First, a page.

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Co-crystallisation of α,ω-dicarboxylic acids with nicotinamide and isonicotinamide

Voguri, Raja Sekhar (2010)
M.Res. thesis, University of Birmingham.

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Abstract

Pharmaceutical co-crystallisation is an alternative and potentially reliable method to manipulate physical properties of API’s via supramolecular synthesis. A number of binary co-crystals were synthesised using different solvents, different stoichiometric ratios (ratio of starting materials) and different methods of synthesis (solvent-mediated crystallisation, solvent-drop grinding and neat grinding), with a view to investigate solvent and stoichiometric effects on the materials formed. Selected α,ω-alkanedicarboxylic acids (HOOC-(CH\(_2\))\(_{n-}\)COOH) were crystallised with nicotinamide for n = 0, 1, 2, 4, 5, 6, 7 and isonicotinamide for n = 5, 6, 7 yielding 12 new solid materials. The melting point of the starting materials and new products are determined and analysed, and the new crystalline materials characterised using NMR, FTIR, powder X-ray diffraction data (PXRD) and single X-ray diffraction data (SXRD). For azelaic acid : nicotinamide (1:1), structure solution was carried out using powder X-ray diffraction data and the direct space methods are applied through differential evolution (DE) approach. The crystal structure of adipic acid : nicotinamide (1:2) was solved using single crystal X-ray diffraction. The crystal structures of both, display strong O-H….N(pyridine), O-H\(^{….}\)O=C and N-H\(^{….}\)O=C intermolecular bonds. Other new materials formed were oxalic acid:nicotinamide (1:1 and 1:2), malonic acid : nicotinamide (1:1 and 1:2), succinic acid : nicotinamide (1:1), pimelic acid : nicotinamide (1:1), suberic acid : nicotinamide (1:1), azelaic acid : nicotinamide (1:1), pimelic acid : isonicotinamide (1:1), suberic acid : isonicotinamide (1:1 and 1:2) and azelaic acid : isonicotinamide (1:1), but these were not fully characterised by X-diffraction.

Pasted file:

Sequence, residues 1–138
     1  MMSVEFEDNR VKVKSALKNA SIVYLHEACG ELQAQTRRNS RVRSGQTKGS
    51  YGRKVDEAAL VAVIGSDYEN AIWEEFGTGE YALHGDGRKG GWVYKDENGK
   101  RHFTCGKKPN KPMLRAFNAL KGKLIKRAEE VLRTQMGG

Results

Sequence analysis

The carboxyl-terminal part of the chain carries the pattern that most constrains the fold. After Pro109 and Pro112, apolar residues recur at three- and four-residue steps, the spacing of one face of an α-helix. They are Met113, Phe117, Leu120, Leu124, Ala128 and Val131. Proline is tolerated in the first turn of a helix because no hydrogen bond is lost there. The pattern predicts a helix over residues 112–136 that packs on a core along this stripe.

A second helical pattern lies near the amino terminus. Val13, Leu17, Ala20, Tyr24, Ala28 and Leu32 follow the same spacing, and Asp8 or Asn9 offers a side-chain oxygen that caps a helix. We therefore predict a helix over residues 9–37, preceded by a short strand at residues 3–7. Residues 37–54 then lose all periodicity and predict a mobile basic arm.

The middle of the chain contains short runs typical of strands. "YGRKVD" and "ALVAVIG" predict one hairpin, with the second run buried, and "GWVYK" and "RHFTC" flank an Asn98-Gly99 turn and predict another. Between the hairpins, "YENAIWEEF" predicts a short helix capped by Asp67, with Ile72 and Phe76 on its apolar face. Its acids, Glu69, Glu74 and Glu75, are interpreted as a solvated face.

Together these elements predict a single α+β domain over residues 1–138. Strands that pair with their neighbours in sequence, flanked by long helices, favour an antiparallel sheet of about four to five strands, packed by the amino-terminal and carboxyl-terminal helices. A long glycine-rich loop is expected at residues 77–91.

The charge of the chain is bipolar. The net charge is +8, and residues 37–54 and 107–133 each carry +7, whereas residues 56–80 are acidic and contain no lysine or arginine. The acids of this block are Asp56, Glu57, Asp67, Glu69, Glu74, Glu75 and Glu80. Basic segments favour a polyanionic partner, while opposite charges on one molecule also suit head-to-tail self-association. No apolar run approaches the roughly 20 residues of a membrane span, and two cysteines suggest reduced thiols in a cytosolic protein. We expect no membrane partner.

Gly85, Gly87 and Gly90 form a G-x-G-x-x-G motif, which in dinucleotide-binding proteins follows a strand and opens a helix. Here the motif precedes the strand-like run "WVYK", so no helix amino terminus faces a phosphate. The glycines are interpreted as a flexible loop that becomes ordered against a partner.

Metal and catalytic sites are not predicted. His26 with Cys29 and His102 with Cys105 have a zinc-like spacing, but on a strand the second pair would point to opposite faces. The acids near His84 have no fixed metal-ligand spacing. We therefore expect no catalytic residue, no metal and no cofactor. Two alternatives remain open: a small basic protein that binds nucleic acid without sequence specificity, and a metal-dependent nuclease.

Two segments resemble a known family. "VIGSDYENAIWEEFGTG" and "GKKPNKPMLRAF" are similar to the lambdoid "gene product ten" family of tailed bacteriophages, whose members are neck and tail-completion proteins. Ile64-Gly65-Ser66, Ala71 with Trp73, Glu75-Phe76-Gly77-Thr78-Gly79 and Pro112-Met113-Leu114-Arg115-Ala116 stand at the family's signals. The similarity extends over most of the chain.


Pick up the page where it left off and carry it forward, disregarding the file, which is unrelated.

Type of Work:M.Res. thesis.
Supervisor(s):Tremayne, Maryjane
School/Faculty:Colleges (2008 onwards) > College of Engineering & Physical Sciences
Department:School of Chemistry
Subjects:QD Chemistry
Institution:University of Birmingham
ID Code:1149
This unpublished thesis/dissertation is copyright of the author and/or third parties. The intellectual property rights of the author or third parties in respect of this work are as defined by The Copyright Designs and Patents Act 1988 or as modified by any successor legislation. Any use made of information contained in this thesis/dissertation must be in accordance with that legislation and must be properly acknowledged. Further distribution or reproduction in any format is prohibited without the permission of the copyright holder.
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